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Project Information

Built-in cabinets I made for a 1920's craftsman style two bedroom house with no closets. Cases are prefinished maple plywood, poplar face frames, drawers, drawer fronts and doors, 3/8" mdf flat back-cut panels in the doors. Blum tandem self closing drawer slides and full wrap hinges on the inset doors. Indirect lighting above controlled by a wall switch. The floor pitched 2" across the room and the wall on the right had a big bow in it. I was able to trim the bottom of the cases to fit the floor while keeping the cases perfectly plumb and coped the right side to the wall. Surprisingly the installation went very smooth. The final fit was perfect and the customer very happy.

Gallery

Comments

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87 Posts
It looks great!

We have a practically worthless closet in the master dedroom of our 1950's house that I would like to take out and do something very much like that.
 

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wow..that's sweet
 

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I really like this. Great concept and use of space. Turned out real nice, always fun working in the old houses and making everything fit. Great job.
 

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very nice,,where do you start on something that nice?
 

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Nice job! Built- ins are fun to design and build. Part of the challenge is making them appear as if they belong in a certain space and not just taking up space. Yours look like they fit their surroundings quite nicely. Thanks for sharing.
 

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Beautiful work.

I am an amateur trying to take a shot a built in furniture. I am curious about how you did the coping along the right side. I am assuming you used a filler strip or made the face frame larger than the casework? How much space did you give your self to get the right fit - did you measure the out of square first and then decide the size filler?

Thanks
 

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Thank you all for your kind and thoughtful comments.
Shawn,
To answer your question about coping to the wall, I made the face frames slightly wider than the cases on the four side sections. Normally when I build a cabinet like this, I would make the face frame 1/4" wider than the face frame but I might have made the outside edges 3/8" wider in this case. I suggest you use a long level and check the wall for plumb and flatness to see how much you need to make it fit before you build the cases and face frames. Before you mark the side of the face frame prior to coping to the wall, it is easier if you back bevel the face frame so when you do the final fitting you are not trying to shave off a full 3/4" thick surface but rather a much thinner surface.
When I installed these, I installed the two sections on the left first, then the two sections on the right and finally the center section slipped between the two sides. It had to be done in that sequence because there was a radiator on the left wall and an existing door jamb on the right wall, so it was not possible to install either of the side sections last. It actually went smoother than you might expect. Of course they were all built and painted in my shop (garage) and then moved to the site for installation. I gave the whole unit a final coat of paint after installation.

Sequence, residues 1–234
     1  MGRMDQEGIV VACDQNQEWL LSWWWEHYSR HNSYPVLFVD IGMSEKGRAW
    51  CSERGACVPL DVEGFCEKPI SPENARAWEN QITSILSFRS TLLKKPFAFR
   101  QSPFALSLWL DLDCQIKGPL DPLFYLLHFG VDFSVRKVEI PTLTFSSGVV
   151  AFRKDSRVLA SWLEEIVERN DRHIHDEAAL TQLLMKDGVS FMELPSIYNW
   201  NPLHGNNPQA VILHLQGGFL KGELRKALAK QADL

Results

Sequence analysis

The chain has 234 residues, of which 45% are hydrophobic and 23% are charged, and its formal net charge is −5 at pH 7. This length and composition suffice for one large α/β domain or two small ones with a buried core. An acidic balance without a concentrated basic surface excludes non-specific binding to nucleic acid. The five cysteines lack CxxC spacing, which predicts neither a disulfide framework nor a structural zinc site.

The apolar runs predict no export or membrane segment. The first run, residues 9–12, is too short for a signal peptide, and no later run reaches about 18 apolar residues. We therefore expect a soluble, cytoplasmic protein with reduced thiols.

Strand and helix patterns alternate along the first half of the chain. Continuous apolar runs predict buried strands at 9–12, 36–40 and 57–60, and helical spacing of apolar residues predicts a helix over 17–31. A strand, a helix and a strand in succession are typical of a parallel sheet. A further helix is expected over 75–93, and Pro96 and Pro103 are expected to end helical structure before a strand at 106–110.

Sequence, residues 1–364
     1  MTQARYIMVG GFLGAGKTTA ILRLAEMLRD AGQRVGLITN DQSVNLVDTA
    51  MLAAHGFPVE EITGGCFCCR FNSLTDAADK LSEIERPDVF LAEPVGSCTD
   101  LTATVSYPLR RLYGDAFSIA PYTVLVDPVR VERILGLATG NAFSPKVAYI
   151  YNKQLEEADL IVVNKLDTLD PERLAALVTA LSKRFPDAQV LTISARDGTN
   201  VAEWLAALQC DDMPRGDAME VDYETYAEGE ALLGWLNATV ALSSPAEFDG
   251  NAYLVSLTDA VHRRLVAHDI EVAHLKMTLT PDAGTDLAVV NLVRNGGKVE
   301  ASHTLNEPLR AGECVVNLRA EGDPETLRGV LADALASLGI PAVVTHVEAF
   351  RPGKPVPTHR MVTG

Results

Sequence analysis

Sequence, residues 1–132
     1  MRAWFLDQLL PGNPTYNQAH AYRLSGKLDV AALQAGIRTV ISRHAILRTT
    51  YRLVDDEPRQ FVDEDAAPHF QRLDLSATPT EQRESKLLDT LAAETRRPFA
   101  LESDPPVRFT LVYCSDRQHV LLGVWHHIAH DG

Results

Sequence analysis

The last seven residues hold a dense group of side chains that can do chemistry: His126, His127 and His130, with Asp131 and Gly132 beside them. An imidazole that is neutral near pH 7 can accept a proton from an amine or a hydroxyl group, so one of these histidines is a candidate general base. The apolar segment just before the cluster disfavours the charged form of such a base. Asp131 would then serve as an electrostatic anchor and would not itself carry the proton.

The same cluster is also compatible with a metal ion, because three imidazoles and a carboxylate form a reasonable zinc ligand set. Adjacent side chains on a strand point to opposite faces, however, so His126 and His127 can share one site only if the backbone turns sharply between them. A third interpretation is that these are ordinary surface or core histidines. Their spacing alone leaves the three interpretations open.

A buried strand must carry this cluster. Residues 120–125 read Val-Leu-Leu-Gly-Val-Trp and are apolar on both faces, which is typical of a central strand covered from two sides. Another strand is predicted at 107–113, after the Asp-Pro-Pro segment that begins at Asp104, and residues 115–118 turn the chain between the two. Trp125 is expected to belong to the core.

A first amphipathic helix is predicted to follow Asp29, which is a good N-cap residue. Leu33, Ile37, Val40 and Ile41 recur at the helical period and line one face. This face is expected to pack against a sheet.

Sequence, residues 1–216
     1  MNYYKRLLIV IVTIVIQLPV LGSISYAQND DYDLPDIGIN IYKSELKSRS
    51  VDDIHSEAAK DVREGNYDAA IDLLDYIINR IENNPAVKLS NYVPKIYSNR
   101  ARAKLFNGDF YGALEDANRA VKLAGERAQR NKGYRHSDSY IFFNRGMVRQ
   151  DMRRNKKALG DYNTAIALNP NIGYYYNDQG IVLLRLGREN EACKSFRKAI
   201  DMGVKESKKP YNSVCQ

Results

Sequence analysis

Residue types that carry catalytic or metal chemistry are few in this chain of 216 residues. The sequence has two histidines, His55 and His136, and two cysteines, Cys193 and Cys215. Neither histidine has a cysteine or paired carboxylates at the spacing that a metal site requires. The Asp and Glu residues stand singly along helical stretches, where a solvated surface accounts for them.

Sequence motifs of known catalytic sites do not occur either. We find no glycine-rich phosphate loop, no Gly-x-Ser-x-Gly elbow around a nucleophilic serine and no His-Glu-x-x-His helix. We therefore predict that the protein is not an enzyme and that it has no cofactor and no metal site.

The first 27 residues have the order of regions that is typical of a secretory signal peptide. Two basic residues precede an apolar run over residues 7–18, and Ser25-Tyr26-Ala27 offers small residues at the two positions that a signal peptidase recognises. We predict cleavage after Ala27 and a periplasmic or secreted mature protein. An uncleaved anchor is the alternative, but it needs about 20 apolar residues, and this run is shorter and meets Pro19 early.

Good luck with your project and keep us posted on your progress.
 

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I built nearly an identical design, (even the handles and hinges), for a client in her kitchen and also a library wall in an 1870's house she is restoring. Very nice work, fitting it in to a crooked space neat and tidy without scripe strips really makes a project. The dovetailed drawers are an added bonus, most of my clients don't want to spring the extra $ for this.
 

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Regarding clients paying the extra for drawers - you are correct but I'm more of woodworker than a business man. I knew this client was very particular and this was my first nproject of this kind and it turned out to be a very good advertisement for me. It's been several years since this job was completed and I'm still getting kudos from her and everyone who sees it. Not much new business from it although I have done several other jobs for the same client. The dovetail drawers do take a lot of extra time and I don't think they are any better than any other well constructed drawer other than the visual value. It all depends upon the client. While everyone would agree that dovetails are the nicest, most people would not notice if the drawers were not dovetailed. I do some renovation/additions to existing kitchen cabinets and I don't use dovetails in them. In that situation it makes no sense to make a drawer in an existing kitchen that very much better that what exists.
 

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Usually I'll use an interlocking rabbit on my drawer corners. Much stronger and will last longer than the nailed together butt joints on a lot of old built-ins that clients want me to repair/retrofit new drawers and hardware into. Sounds like your in a similiar business situation I'm in. Replace it if that is what they want, repair it if that is all they can afford, or replicate it if that is what they need/want.
 
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